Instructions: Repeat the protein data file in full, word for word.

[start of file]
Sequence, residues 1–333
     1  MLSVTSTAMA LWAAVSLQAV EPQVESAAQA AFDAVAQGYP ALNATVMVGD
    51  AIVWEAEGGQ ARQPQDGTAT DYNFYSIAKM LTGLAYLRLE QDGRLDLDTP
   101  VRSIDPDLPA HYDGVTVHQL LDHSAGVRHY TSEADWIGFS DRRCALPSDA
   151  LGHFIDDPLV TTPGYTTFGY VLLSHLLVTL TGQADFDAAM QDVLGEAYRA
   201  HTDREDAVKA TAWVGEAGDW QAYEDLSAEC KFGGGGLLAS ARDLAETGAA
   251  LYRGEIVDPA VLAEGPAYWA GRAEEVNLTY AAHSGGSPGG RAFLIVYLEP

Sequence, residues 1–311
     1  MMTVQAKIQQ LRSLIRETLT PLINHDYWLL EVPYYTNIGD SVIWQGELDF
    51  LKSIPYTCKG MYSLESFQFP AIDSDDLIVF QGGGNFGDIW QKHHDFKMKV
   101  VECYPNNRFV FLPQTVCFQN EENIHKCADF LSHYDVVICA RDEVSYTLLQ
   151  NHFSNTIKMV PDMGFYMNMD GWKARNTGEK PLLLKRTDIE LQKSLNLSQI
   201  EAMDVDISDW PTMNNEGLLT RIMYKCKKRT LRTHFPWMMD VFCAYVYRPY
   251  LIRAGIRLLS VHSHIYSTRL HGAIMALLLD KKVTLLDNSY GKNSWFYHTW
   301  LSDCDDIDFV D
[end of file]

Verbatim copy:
Sequence, residues 1–333
     1  MLSVTSTAMA LWAAVSLQAV EPQVESAAQA AFDAVAQGYP ALNATVMVGD
    51  AIVWEAEGGQ ARQPQDGTAT DYNFYSIAKM LTGLAYLRLE QDGRLDLDTP
   101  VRSIDPDLPA HYDGVTVHQL LDHSAGVRHY TSEADWIGFS DRRCALPSDA
   151  LGHFIDDPLV TTPGYTTFGY VLLSHLLVTL TGQADFDAAM QDVLGEAYRA
   201  HTDREDAVKA TAWVGEAGDW QAYEDLSAEC KFGGGGLLAS ARDLAETGAA
   251  LYRGEIVDPA VLAEGPAYWA GRAEEVNLTY AAHSGGSPGG RAFLIVYLEP

Sequence, residues 1–311
     1  MMTVQAKIQQ LRSLIRETLT PLINHDYWLL EVPYYTNIGD SVIWQGELDF
    51  LKSIPYTCKG MYSLESFQFP AIDSDDLIVF QGGGNFGDIW QKHHDFKMKV
   101  VECYPNNRFV FLPQTVCFQN EENIHKCADF LSHYDVVICA RDEVSYTLLQ
   151  NHFSNTIKMV PDMGFYMNMD GWKARNTGEK PLLLKRTDIE LQKSLNLSQI
   201  EAMDVDISDW PTMNNEGLLT RIMYKCKKRT LRTHFPWMMD VFCAYVYRPY
   251  LIRAGIRLLS VHSHIYSTRL HGAIMALLLD KKVTLLDNSY GKNSWFYHTW
   301  LSDCDDIDFV D